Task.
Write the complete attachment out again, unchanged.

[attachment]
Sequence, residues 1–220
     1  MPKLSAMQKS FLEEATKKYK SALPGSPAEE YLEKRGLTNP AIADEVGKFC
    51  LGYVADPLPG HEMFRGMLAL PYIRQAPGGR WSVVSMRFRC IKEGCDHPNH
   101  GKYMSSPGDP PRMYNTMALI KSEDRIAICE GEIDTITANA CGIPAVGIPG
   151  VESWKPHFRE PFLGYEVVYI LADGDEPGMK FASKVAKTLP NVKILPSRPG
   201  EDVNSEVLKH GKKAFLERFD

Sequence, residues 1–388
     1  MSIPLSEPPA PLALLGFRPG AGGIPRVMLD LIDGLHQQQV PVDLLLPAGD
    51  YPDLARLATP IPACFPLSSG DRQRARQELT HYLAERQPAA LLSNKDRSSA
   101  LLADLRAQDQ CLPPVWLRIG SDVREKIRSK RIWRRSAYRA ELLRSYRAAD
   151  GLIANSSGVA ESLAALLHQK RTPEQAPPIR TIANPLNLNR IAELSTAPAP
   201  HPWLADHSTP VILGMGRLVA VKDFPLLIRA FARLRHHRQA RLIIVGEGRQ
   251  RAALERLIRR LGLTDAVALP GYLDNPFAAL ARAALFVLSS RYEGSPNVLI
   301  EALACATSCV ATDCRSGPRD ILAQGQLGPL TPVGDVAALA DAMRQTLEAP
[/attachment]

Sequence, residues 1–220
     1  MPKLSAMQKS FLEEATKKYK SALPGSPAEE YLEKRGLTNP AIADEVGKFC
    51  LGYVADPLPG HEMFRGMLAL PYIRQAPGGR WSVVSMRFRC IKEGCDHPNH
   101  GKYMSSPGDP PRMYNTMALI KSEDRIAICE GEIDTITANA CGIPAVGIPG
   151  VESWKPHFRE PFLGYEVVYI LADGDEPGMK FASKVAKTLP NVKILPSRPG
   201  EDVNSEVLKH GKKAFLERFD

Sequence, residues 1–388
     1  MSIPLSEPPA PLALLGFRPG AGGIPRVMLD LIDGLHQQQV PVDLLLPAGD
    51  YPDLARLATP IPACFPLSSG DRQRARQELT HYLAERQPAA LLSNKDRSSA
   101  LLADLRAQDQ CLPPVWLRIG SDVREKIRSK RIWRRSAYRA ELLRSYRAAD
   151  GLIANSSGVA ESLAALLHQK RTPEQAPPIR TIANPLNLNR IAELSTAPAP
   201  HPWLADHSTP VILGMGRLVA VKDFPLLIRA FARLRHHRQA RLIIVGEGRQ
   251  RAALERLIRR LGLTDAVALP GYLDNPFAAL ARAALFVLSS RYEGSPNVLI
   301  EALACATSCV ATDCRSGPRD ILAQGQLGPL TPVGDVAALA DAMRQTLEAP